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Good Hunting: A Predator's Guide to Choosing the Right Game
You win some and you lose some; that's the nature of games of chance.
If you can't handle it maybe you should become a bus driver instead.
Or you could try to specialize in a game. And you should.
It Was Always Cash Games
No-Limit Holdem was the obvious choice a decade ago.
But today everybody plays it pretty good.
There's also an abundance of excellent material to study so now pretty much any random monkey can become good at it.
Seven years ago the right choice was to go all in on heads-up play.
Four years ago the obvious choice was PLO. It's the next step from Holdem and a lot more fun according to almost everybody.
It was always cash games, of course, but now the value has really dried up online.
Two years ago the value was in tournaments. The value is still there but it will dry up as well. It's just a matter of time.
Now you can find value in all Limit games. And the chances of finding a waterhole will increase when more players try to find new value when their current bread and butter has turned dry and sour.
But don't go all in on H.O.R.S.E. The effort it takes is big and the reward might be gone when you finally get there.
Where They Are and Where They're Going
How about other games?
Backgammon is solved and all the world-class-players moved on to poker a long time ago.
Backgammon is otherwise the best game because you have the fish by yourself. But how do you get the fish on your own these days?
Chess is so complicated that it takes many hours a day of studying to stay competitive. Only the World Champion makes any real money.
The computers have taken away the glamor and mystique. An international master I played with at the poker table said that all elite players hate the game.
I understand and believe him. All smart chess players moved on to poker a long time ago because there is no luck in chess.
The fish moved on a century before that. Gin Rummy? I don't think so.
The key is to figure out where the fish are or where they are going. Is, always has been and always will be.
That's 2.5 Big Macs Before Bed
One or two years after Pavan and I lived together in London he went to New York to play backgammon at the Ace Point club.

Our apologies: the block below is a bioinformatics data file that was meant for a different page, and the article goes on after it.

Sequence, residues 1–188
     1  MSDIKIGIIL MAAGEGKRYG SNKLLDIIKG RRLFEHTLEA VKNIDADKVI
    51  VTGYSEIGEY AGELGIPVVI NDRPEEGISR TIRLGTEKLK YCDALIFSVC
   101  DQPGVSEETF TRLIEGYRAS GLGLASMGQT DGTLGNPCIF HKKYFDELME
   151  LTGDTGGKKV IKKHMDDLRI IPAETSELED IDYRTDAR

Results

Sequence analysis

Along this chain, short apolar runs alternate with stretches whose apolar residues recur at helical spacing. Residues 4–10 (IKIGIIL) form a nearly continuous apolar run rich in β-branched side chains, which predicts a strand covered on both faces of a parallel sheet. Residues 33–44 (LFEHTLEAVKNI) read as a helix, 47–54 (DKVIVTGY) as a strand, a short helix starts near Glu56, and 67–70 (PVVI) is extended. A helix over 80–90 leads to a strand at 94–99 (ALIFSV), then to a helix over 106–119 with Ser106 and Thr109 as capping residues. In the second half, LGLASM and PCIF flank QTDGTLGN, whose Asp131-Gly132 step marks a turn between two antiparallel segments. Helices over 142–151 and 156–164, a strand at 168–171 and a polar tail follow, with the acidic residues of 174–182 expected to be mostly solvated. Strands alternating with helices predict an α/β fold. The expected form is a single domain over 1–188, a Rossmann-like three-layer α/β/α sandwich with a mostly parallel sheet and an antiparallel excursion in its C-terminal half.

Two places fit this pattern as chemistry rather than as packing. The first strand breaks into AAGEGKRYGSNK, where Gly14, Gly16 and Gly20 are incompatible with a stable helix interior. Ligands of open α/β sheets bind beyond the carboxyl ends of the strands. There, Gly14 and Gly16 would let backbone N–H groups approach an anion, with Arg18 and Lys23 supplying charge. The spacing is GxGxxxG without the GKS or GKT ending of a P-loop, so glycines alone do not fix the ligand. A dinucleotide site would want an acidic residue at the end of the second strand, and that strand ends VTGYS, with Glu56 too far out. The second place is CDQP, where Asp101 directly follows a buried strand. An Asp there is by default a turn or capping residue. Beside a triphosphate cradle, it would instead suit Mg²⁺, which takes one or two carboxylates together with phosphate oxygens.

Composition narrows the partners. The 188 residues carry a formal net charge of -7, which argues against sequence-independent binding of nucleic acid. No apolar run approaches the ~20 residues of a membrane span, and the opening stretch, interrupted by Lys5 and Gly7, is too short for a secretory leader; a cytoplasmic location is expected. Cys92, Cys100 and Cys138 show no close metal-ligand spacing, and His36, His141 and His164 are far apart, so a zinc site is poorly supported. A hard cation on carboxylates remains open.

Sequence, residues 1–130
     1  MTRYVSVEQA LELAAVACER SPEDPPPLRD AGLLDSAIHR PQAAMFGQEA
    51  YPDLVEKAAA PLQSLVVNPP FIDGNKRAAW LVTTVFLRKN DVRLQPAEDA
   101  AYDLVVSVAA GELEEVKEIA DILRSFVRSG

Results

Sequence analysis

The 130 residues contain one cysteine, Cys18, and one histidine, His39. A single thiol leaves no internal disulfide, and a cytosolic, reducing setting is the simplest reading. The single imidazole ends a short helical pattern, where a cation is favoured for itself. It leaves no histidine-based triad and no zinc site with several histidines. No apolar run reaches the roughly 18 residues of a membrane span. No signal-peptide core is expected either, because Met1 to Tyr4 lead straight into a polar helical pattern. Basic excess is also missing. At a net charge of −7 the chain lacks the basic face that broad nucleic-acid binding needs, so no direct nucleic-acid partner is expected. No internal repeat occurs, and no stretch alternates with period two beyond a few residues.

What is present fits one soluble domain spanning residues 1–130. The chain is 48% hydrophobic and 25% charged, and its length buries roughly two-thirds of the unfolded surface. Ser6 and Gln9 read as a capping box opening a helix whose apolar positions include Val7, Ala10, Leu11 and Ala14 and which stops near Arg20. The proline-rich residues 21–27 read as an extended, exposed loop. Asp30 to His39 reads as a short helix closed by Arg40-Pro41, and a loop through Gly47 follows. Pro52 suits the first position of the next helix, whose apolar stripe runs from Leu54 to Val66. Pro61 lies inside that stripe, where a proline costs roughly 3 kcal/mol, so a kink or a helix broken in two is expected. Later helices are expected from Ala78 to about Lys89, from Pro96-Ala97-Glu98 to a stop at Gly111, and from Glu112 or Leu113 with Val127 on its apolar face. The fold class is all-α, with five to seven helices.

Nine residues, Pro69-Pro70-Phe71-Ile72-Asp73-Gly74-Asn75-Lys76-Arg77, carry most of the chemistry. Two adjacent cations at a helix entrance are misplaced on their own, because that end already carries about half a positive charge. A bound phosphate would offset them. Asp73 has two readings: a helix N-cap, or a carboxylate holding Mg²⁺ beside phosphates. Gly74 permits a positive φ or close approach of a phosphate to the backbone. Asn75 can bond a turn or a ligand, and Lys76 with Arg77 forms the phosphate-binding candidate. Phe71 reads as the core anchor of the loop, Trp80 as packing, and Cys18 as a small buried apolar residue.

He loved it there. Probably because there where literally hundreds of food menus to chose from with different restaurants delivering to the club.
He really likes the New York portions as well. Before he went to bed he always finished the day with a pint of Ben & Jerry's.
We had another argument – we were really like two old grumpy men – about how fattening that was.
He had no idea how many calories there were in the pint. I read on the back and informed him that it was 1,200.
“That's like eating 2.5 Big Macs just before you go to bed every night. And it's all fat and sugar.”
He looked at me like maybe I had a point but decided to instantly suppress the information. Because it tasted so good I assume.
It was in New York he laid his foundation of “sittfläsk," a built-in-cushion that works even better than a leatherass.
I visited him there and the first night we obviously decided to gamble a bit before we went to bed.
Since I was much better at poker and he was much better at backgammon he suggested Gin Rummy. He had played it a bit in New York and explained the rules to me.
Later in the week I bough a leather-bound book at the club from someone who was supposed to be one of the top Gin Rummy players in the world.
It was Gin Rummy: A Predator's Guide by Michael Sall. It was by far the most expensive book I’ve ever bought, but he signed it for me.
“Good hunting,” I think he wrote.
You Lost $15,000
The book was for advanced players so I never read it. I think it's in my brother’s attic in a box with other books.
At least I hope so; the book cost $300.
Anyway, Pavan and I decided to play Gin Rummy at a rate that, according to him, could cost me $100 as an absolute maximum if I were insanely unlucky.
We played a game, and I was insanely unlucky. There were bonuses on bonuses and the numbers just kept on multiplying.
Imagine your opponent in fantasyland playing Open-Face Chinese and getting to another fantasyland inside the fantasyland.
You know, like in the film Inception.
It looked expensive and I felt the blood leave my face.
Pavan kept on adding the numbers and his face turned pale. That made me really sick. Finally he looked up at me and said:
“You lost 15,000 dollars.”
Breakfast Instantly Tasted Better
In one game? I just looked at him and went to bed.
The next morning I had my breakfast in solitude and silence.
Pavan came by and told me that he had calculated wrong. I had only lost $150.
That made the breakfast instantly taste a lot better.
Probably better than the empty pint of Ben & Jerry's Chunky Monkey Pavan had in his hand.
About Ken Lennaárd:
Sweden's most controversial poker blogger Ken Lennaárd has been around the professional poker circuit for almost 20 years. Among his numerous accomplishments are Swedish Championships both live and online, three WSOP final tables and over $1.5m in live earnings. He's now bringing his singular poker voice to the English world via PokerListings.com. Look for new posts every Monday, Wednesday and Friday.
Note: Opinions expressed in this blog are those of the author and do not represent the views of PokerListings.com.